Think you know everything there is to know about dogs? We bet you won’t know these unreal but totally true dog facts!
Dog fact #1: There’s a sock in there
Dogs are renowned for chewing on things they shouldn’t. Most are removed before they cause any health problems. But some items are swallowed, either whole or in pieces.
Believe it or not, the most common item retrieved from a dog’s intestinal tract in Australia are socks.
That is according to pet insurance claims lodged in 2019.
Perhaps unsurprisingly, it is Labradors who are the most guilty of making a meal of socks.
We’ve listed the full breakdown of the most common things dogs have swallowed (and some more bizarre items!) here.
New data has revealed the most common and unusual things vets have had to remove from a dog’s digestive tract. Can you guess what everyday …
Dog fact #2: Six toes
Nope, it’s not a strange abnormality that just one or two puppies were born with. There is a breed of dog which actually has 6 toes on each foot. And all 6 toes are fully functional!
The unusual physical trait belongs to the Norwegian Lundehund (which roughly translates to “puffin dog”.
Interestingly, that’s not the only remarkable trait the Norwegian Lundehund is known for. According to the American Kennel Club, the breed also has ears that fold shut, flexible shoulders that allow its legs to stretch out sideways.
And if that wasn’t enough, they also have an “elastic neck” that allows them to rotate their head 180 degrees and touch their spine!
Dog fact #3: No dog has won an Oscar…yet
Dogs have played a key role in movies as long as movies have been made. Who can forget Toto in The Wizard of Oz, the giant performances in the Beethoven films and the try-not-to-cry true story of Marley and Me… among many others!
But no dog has ever won an Academy Award.
Why? Ironically, because one dog nearly did win.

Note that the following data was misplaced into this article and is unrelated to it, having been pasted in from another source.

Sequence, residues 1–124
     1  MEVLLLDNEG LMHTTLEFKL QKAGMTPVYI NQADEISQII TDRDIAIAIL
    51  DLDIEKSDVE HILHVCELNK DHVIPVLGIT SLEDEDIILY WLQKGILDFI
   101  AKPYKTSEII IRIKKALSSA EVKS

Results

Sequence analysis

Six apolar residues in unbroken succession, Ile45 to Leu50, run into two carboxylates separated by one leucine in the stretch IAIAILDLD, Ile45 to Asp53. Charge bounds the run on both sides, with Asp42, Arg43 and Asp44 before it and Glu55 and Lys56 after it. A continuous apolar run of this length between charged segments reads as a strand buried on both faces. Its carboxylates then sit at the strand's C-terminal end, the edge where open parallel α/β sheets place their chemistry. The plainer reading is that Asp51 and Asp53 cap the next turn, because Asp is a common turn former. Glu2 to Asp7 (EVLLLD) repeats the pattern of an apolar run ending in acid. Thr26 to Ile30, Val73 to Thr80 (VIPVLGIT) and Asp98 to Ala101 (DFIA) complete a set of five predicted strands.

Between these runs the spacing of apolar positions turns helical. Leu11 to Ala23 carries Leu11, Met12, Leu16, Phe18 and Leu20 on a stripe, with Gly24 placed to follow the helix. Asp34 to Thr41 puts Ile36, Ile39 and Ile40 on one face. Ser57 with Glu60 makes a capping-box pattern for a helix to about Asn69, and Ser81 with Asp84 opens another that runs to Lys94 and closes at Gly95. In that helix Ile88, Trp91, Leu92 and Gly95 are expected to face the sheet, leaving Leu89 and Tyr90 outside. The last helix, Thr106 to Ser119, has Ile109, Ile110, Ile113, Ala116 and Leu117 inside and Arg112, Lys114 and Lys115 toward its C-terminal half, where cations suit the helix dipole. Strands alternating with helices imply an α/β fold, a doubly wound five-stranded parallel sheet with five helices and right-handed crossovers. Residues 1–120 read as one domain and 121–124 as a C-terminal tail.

German Shepherd Rin Tin Tin was nominated for a best actor award at the very first Oscars in 1929. In fact, he’s rumoured to have received the most votes.
However, the Academy of Motion Picture Arts and Science changed the rules so that only people could win an Oscar.
Their reasoning was that they wanted to establish the awards as a serious, prestigious accolade and thought that giving awards to dogs or other animals would diminish their credibility.
A renewed push to recognise dogs on-screen was made in 2012. The Artist was nominated for 10 Oscars including Best Picture, but no nomination was given for one of its leading stars, Uggie the Jack Russell. The Academy stood its ground.
Dog fact #4: The biggest litter
The largest litter of puppies ever recorded is 24. That’s right – two dozen puppies in a single litter!
Accomplishing this Herculean effort was Tia, a Neapolitan Mastiff from Cambridgeshire in the UK.
The proud mum delivered 9 girls and 15 boys by C-section back in November 2004. Go Tia!
Sadly, not all of the puppies survived – one was stillborn and another three died within their first week.
Dog fact #5: Getting old
We humans are obsessed with age, both our own and that of our kids, pets, cars, homes, relationships and so on. So we couldn’t talk dog facts without including the oldest dog.
According to Guinness World Records, it’s an Aussie pup who holds the record for oldest ever dog. Bluey, an Australian Cattle Dog, reached the ripe old age of 29 years and five months – almost double the breed’s typical lifespan of 13 to 15 years.
Bluey passed away in November 1939.
However, the actual oldest dog in the world may have been even older – and more recent. The problem is that records of their birth are missing or not reliable. Media reports suggest that another Aussie dog, Maggie the Kelpie, died in 2016 aged 30.
Meanwhile, Golden Retriever August celebrated her 20th birthday in June 2020. The milestone for the US dog is believed to make her the oldest of her breed.